The following is a guest post by author, adventurer and dog adoption advocate Tyler Coulson.
In 2011, I walked across the United States from Delaware to San Diego, California. I was a part of a team of two: me and Mabel the dog. Together, Mabel and I traveled about 3500 miles in 8 months’ time (including all the north-south detours and getting lost), and we walked about 3200 of those miles. I wrote a book about the hike and about practicing law (I used to be a corporate attorney) and the book is called By Men or By the Earth. My publishing company has pledged to give 10% of all profits on sales made between August 1 and December 31, 2012 to no-kill animal shelters.
I am not sure I would have finished the whole hike without Mabel. I probably would have. But it wouldn’t have been the same experience.
When we climbed into a cold tent after a day’s hike in the east (or then again in the Rocky Mountains), Mabel curled up in a ball on my feet and kept them warm. If I shivered in the night, she woke me up licking at my face and then lay beside me in the tent to keep me warm.
When we were out in the west, Mabel’s ears were always keen, listening for animals or people who could be approaching. And Mabel stood her ground and defended us when angry dogs, both domestic and wild, lunged at us in the Midwest.
It’s difficult to walk that far and to spend that much time alone. The overwhelming aloneness of the trip was sometimes difficult for me to deal with, but Mabel stayed with me and never complained. And when we hiked, she would periodically touch my left hand with her wet puppy nose to let me know that she was still there with me.
She was a great responsibility and she slowed the hike down a lot. I had to carry extra food and extra water, and we couldn’t hike at all when the temperature got too hot for Mabel. It took us 8 months to cross the continent. Without Mabel with me, I could have done it in 5.
But it wouldn’t have been the same.
I love that dog.
Mabel was a rescue dog. Some family didn’t want her and dropped her off at a shelter. I can’t understand that, but maybe they had good reasons. It kills me that the country is full of lonely people and at the same time shelters are full of dogs who are just bursting with love and energy. The world isn’t fair, I guess. Mabel was sad when she was in the shelter, and when I brought her home she was timid and reserved, confused and sad.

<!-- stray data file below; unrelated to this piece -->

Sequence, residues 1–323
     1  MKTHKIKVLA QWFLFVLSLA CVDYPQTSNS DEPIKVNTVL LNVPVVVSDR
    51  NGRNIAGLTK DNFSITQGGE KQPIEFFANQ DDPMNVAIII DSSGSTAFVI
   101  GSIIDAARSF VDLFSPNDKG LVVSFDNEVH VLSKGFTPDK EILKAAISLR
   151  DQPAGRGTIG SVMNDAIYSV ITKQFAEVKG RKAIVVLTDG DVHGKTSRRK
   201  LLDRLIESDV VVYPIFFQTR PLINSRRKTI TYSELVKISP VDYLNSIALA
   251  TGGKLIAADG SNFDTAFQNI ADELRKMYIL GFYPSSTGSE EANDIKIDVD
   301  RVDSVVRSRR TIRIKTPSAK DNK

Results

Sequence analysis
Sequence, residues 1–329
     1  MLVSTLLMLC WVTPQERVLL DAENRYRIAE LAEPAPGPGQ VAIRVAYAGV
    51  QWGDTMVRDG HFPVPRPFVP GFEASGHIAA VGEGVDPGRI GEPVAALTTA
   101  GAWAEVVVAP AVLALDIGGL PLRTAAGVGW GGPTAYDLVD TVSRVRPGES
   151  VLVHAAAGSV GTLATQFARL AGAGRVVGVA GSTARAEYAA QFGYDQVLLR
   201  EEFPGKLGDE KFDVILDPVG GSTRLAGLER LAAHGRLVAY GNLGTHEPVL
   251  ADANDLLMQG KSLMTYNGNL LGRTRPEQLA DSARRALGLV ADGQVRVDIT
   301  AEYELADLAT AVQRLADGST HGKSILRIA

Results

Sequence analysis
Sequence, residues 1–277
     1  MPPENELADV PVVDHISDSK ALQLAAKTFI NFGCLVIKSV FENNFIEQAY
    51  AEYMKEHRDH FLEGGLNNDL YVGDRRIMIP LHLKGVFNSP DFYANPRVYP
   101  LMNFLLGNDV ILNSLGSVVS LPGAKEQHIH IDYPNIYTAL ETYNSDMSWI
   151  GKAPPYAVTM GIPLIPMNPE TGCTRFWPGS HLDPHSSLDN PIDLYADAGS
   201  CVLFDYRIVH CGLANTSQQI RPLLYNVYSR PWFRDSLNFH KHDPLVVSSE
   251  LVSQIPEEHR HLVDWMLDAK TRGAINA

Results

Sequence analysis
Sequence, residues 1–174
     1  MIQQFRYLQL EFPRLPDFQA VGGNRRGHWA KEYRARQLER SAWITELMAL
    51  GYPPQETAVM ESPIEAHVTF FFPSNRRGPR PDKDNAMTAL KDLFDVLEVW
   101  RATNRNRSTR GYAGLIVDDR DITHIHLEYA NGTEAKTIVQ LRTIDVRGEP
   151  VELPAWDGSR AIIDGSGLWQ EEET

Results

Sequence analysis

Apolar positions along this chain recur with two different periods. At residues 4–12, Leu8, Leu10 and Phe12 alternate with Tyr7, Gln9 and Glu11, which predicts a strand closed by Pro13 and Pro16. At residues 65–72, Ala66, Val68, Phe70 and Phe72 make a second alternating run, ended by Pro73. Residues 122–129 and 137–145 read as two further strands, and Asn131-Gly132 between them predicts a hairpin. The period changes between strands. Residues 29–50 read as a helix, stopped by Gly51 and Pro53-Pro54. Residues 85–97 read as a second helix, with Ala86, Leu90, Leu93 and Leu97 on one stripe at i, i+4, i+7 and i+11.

But that all changed after a few days with me. Suddenly she was a puppy again.
And on the Walk, after a couple days hiking, sweating, being in pain and being lonely and out in the elements, we’d check into a motel and Mabel would go CRAZY. She’d jump on and off of the bed and run in circles and collapse at my feet. She was so happy.
And she’d get so happy out in the middle of nowhere when we saw a wild turkey or, in the west, pronghorn antelope. Her tail would wag and her ears would perk up, and she’s one of those dogs that has a face that shows when she’s happy. You can actually see on her face that she’s happy.
I was pretty sad when I started the hike, for all sorts of reasons. Truth is, I was sad when I finished the hike, too. But Mabel was still there with me. When I got back home to Chicago and was depressed and confused and felt like I had nothing going on in my life, there she was. She was always at my feet, helping me write the book By Men or By the Earth. She’d cuddle up next to me as I slept. She’d lead me on insane happy walks through the neighborhood.
I know that she loves me, too.
Not many people will ever get a chance to experience a cross-country hike. I’m very lucky in that regard, and I feel lucky for that every day. Sometimes it’s overwhelming how fortunate I feel to have done it. But what really overwhelms me—what really makes me tear up—is thinking of how lucky I am to have done the trip with Mabel. Near the end of the trip, I tweeted that I had carried a lot of equipment and a lot of heartache across the country but that Mabel had carried me. She’s my teammate. She’s the best friend I’ve ever had.
And she was a rescue dog.
About Tyler Coulson
Tyler Coulson is an attorney and adventurer. He was born in rural Illinois, graduated from the University of Iowa College of Law, and practiced law at a large firm in Chicago, where he still lives with his dog, Mabel. He is the author of By Men or By the Earth, a memoir about his cross-country hike and his days in the law. His book is available at his website, www.tylercoulson.com. The publisher of the book, The Walkout Syndicate LLC, has pledged 10% of all profits on sales between August 1 and December 31, 2012, to support of no-kill animal shelters.